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West Virginia Awards Certificate for New Gas-Fired Station

Noting that impending coal plant closures both within the state and within PJM Interconnection’s footprint are likely to cause a widespread need for new generation within the next few years, the West Virginia Public Service Commission has granted a siting certificate to a developer to construct an 830-megawatt (MW) natural gas-fired generating facility in Brooke County, which is the northern most county in West Virginia. The project was proposed by ESC Brooke County Power I, LLC, which intends to operate the new plant as a merchant generator, offering its output into the wholesale markets overseen by PJM. In approving a certificate for the company, the commission emphasized that there is no utility involvement or investment in the project, such that ratepayers will not be liable for any of the project’s costs, which the sponsor estimated would come to about $884 million.

According to ESC Brooke County’s application, the new facility will be located within the Cross Creek Wildlife Management Area, which is administered by the state’s Department of Natural Resources. The project will consist of two combustion turbines and one steam turbine, with the power produced thereby being routed to a 345-kilovolt three-breaker ring bus substation that is being built immediately east of the generating units. The substation is owned by FirstEnergy Corporation. The project sponsor reported that it already has entered into several supply contracts for the delivery of natural gas and ethane. The pipelines providing the supplies will be dedicated to the new generating station and will be constructed and operated by third-party pipeline developers.

The company also informed the commission that it already has executed an agreement with the Brooke County Commission for a paymentin- lieu-of-taxes arrangement. The developer stated that it expects the new units to be completed by the end of 2020, such that service can commence as of the beginning of 2021.

In looking at the proposal, the commission confirmed the need for new generation. It explained that just since 2012, seven coal-fueled power plants in the region have been retired, leading to the loss of more than 2,600 MW of capacity. In addition, the commission cited data from PJM indicating that from 2011 to 2020, the grid under its control will lose more than another 29,000 MW of generation due to planned facility retirements.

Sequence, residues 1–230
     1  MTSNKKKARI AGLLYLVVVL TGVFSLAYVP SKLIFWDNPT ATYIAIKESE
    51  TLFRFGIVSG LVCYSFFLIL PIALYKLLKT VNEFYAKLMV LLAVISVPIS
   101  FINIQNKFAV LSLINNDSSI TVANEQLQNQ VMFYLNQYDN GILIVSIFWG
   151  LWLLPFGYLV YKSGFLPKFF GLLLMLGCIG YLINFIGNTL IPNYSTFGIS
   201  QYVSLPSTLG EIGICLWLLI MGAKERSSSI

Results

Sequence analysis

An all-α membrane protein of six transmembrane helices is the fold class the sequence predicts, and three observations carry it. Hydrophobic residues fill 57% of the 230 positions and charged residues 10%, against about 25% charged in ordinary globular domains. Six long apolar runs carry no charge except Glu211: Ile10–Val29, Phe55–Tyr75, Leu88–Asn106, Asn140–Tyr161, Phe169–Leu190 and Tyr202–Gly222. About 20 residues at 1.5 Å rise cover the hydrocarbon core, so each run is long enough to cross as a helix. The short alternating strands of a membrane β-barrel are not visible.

Moreover, the commission said that the design of the ESC Brooke County plant, which will have a heat rate of approximately 6,600 British thermal units per kilowatt-hour, will assure much more efficient operations than the simple-cycle natural gas-fired generating units presently operating in the state. In turn, the commission stated, such improved efficiency will translate into more cost-effective operations.

The commission found that the proposal had other economic attributes as well, primarily with respect to job creation and new employment opportunities. The commission commented that ESC Brooke County anticipates that 400 jobs will be available during the construction phase while 30 permanent positions will be in place once commercial operations actually commence. The commission further asserted that given the new plant’s significant demand for natural gas supplies, the project also will help support West Virginia’s natural gas industry.
The commission maintained that although the new facility would be located within a wildlife management area (WMA), there would be little disturbance to nearby habitats, with any adverse environmental impacts expected to be minimal. The commission explained that the WMA had been carved out of former surface coal mine lands, with the WMA totaling 2,078 acres.

Of that land, the power plant will use only about 20 acres, or approximately one percent of the WMA. Plus, the commission said, the WMA is overwhelmingly undeveloped woodland, with numerous changes in elevation. Thus, the commission determined that construction of the new units will have little effect on the viewshed.

Finding that allowing the project to proceed would offer significant economic benefits for the state and likewise would enhance grid reliability, the commission concluded that, subject to certain conditions and limitations, a siting certificate should be issued to the developer. Re ESC Brooke County Power I, LLC, Case No. 17-0521-E-CS, Feb. 20, 2018 (W.Va.P.S.C.).